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Latest University School Stories

A Mother's Love Is Good For Child's Brain
2012-01-31 04:52:38

School-age children whose mothers nurtured them early in life have brains with a larger hippocampus, a key structure important to learning, memory and response to stress. The new research, by child psychiatrists and neuroscientists at Washington University School of Medicine in St. Louis, is the first to show that changes in this critical region of children's brain anatomy are linked to a mother's nurturing. Their research is published online in the Proceedings of the National Academy...

2012-01-30 14:20:00

Sports medicine specialist and assistant clinical professor in the department of orthopaedic surgery at New York University School of Medicine Dr. Victor Khabie offers tips on preventing wrestling related injury. Carmel, NY (PRWEB) January 30, 2012 Wrestling as a sport can be traced back to the ancient Olympics and has been practiced throughout the world in many forms and styles ever since. Today, wrestling is offered at various levels, from youth wrestling in middle school through high...

2012-01-11 21:28:13

The chemotherapy drugs required to push a common form of adult leukemia into remission may contribute to DNA damage that can lead to a relapse of the disease in some patients, findings of a new study suggest. The research, by a team of physicians and scientists at Washington University School of Medicine in St. Louis, is published Jan. 11 in the advance online edition of Nature. For patients with acute myeloid leukemia (AML), initial treatment with chemotherapy is essential for putting...

2012-01-11 07:00:00

Broadcaster Tavis Smiley and his All-Star Panel to Discuss at Remaking America, January 12, 2012 BLOOMINGTON, Ind., Jan. 11, 2012 /PRNewswire-USNewswire/ -- A large and growing number of Americans are poor, or at risk of becoming poor, as a result of the Great Recession of 2007-09, and many will continue to struggle during the recovery, according to a White Paper released today by broadcaster Tavis Smiley and the Indiana University School of Public and Environmental Affairs. Titled...

Regular Prostate Screenings Won't Reduce Cancer-Related Death Risk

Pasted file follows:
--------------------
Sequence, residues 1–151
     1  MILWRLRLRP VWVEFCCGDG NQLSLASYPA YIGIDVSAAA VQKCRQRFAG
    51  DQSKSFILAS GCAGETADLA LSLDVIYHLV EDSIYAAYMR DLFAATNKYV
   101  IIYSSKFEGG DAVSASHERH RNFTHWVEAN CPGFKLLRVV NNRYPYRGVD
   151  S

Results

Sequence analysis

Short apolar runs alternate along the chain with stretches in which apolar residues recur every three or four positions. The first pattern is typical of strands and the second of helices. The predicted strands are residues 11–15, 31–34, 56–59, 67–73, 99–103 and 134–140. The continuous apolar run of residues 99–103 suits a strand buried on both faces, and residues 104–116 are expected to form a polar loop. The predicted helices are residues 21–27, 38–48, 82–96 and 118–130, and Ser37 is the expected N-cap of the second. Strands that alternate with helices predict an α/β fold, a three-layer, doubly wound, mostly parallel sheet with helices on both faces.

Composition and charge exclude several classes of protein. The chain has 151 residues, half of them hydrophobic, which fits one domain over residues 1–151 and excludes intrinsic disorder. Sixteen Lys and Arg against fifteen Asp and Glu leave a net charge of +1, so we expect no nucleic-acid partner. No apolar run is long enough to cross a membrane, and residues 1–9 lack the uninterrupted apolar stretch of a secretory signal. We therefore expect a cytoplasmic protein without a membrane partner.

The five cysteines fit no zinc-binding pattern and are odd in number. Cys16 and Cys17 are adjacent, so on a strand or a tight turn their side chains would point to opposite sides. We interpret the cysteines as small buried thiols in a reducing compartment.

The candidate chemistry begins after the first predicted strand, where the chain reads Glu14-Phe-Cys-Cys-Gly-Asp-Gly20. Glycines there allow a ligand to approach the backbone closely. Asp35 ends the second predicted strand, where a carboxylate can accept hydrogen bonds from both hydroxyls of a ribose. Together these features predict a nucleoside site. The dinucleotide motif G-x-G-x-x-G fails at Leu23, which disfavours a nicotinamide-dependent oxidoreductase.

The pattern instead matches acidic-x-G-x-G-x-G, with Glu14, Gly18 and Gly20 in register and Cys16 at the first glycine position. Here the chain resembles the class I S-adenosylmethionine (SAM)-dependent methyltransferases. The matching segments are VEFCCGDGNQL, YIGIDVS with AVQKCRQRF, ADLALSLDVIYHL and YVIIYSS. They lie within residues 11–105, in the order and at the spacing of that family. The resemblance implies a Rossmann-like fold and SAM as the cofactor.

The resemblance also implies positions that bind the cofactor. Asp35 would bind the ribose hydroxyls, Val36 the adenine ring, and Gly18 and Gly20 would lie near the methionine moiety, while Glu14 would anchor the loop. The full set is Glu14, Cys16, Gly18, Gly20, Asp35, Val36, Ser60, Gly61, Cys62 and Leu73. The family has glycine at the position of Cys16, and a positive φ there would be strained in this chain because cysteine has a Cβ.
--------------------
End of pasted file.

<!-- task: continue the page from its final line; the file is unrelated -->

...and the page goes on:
2012-01-07 06:30:48

Researchers from the Washington University School of Medicine in St. Louis claim to have discovered new evidence suggesting that obtaining an annual prostate cancer screening does not reduce mortality rate associated with the disease in older men. The study, which was published online in the Journal of the National Cancer Institute (JNCI) on Friday, looked at approximately 76,000 men between the ages of 55 and 74 participating in the Prostate, Lung, Cancer, Colorectal and Ovarian (PLCO)...

Gene Could Helps Scientists Understand Genetic Deafness
2012-01-04 14:17:59

Researchers at Washington University School of Medicine report they have found new clues that may help scientists understand the genetic causes of deafness. The gene FGF20 has been associated with inherited deafness in otherwise healthy families.  The FGF20 gene codes for one member of a family of proteins known as fibroblast growth factors. Members of this family are known to play important and broad roles in embryonic development, tissue maintenance and wound healing. "When we...

2011-12-15 14:33:18

Scientists have uncovered a critical genetic mutation in some patients with myelodysplastic syndromes – a group of blood cancers that can progress to a fatal form of leukemia. The research team at Washington University School of Medicine in St. Louis also found evidence that patients with the mutation are more likely to develop acute leukemia. While this finding needs to be confirmed in additional patients, the study raises the prospect that a genetic test could one day more...

2011-12-14 14:47:41

Physicians can use medical records to track the quality of cancer care and determine whether their patients are receiving the right treatments at the right time. Yet the patient is the only one who ultimately can evaluate the quality of his or her experience while receiving treatment. In "Quality Measurement and System Change of Cancer Care Delivery," published in the Regenstrief Conference supplement to the December 2011 issue of the journal Medical Care, investigators from the...

2011-12-02 12:49:20

Sustained changes in the region of the brain associated with cognitive function and emotional control were found in young adult men after one week of playing violent video games, according to study results presented by Indiana University School of Medicine researchers at the annual meeting of the Radiological Society of North America. This is the first time the IU researchers, who have studied the effects of media violence for more than a decade, have conducted an experimental study that...

Violent Video Game Alters Cognitive Function In Brain
2011-12-01 05:56:52

According to a new study, violent video game play in young adult men may alter cognitive function and emotional control after a week of game play. The study asked 22 healthy adult males ages 18 to 29 who had low past exposure to violent video games to take part in the research. The researchers assigned two groups of 11 men.  Members of the first group were instructed to play a shooting game for 10 hours at home for a week and refrain from playing the following week.  The...